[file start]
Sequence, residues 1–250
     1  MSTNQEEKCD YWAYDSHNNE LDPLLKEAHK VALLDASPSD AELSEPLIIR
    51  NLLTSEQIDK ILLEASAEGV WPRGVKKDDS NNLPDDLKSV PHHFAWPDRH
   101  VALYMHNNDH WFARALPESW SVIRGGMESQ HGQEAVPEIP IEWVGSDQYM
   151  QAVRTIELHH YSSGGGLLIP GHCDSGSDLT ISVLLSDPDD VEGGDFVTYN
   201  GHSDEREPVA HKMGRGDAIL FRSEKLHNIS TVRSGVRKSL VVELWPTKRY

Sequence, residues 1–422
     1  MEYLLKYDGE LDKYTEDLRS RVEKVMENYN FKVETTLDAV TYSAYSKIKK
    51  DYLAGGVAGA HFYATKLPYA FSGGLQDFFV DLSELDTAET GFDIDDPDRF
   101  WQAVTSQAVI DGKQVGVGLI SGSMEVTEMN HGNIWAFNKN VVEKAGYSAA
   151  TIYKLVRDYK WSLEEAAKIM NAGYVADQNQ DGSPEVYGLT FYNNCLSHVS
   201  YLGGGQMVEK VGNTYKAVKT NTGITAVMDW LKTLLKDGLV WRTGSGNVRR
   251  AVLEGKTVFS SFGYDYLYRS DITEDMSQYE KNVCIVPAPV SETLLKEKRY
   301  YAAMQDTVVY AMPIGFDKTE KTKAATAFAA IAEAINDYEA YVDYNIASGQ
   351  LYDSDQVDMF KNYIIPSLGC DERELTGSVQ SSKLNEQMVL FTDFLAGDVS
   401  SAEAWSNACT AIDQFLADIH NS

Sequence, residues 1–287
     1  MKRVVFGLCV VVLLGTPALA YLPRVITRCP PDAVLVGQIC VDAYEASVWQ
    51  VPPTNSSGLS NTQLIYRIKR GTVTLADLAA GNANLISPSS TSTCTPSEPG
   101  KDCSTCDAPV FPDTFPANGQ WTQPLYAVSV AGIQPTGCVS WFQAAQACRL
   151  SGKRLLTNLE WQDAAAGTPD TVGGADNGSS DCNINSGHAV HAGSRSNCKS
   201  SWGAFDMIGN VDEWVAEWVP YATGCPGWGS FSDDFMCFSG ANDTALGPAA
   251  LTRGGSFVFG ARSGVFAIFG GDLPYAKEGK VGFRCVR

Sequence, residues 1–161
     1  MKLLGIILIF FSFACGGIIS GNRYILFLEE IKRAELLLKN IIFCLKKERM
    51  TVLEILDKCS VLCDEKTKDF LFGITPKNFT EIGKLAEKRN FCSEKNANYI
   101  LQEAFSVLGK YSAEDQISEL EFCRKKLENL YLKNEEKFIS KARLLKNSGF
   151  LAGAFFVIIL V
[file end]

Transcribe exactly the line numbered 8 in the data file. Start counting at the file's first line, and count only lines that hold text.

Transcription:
     1  MEYLLKYDGE LDKYTEDLRS RVEKVMENYN FKVETTLDAV TYSAYSKIKK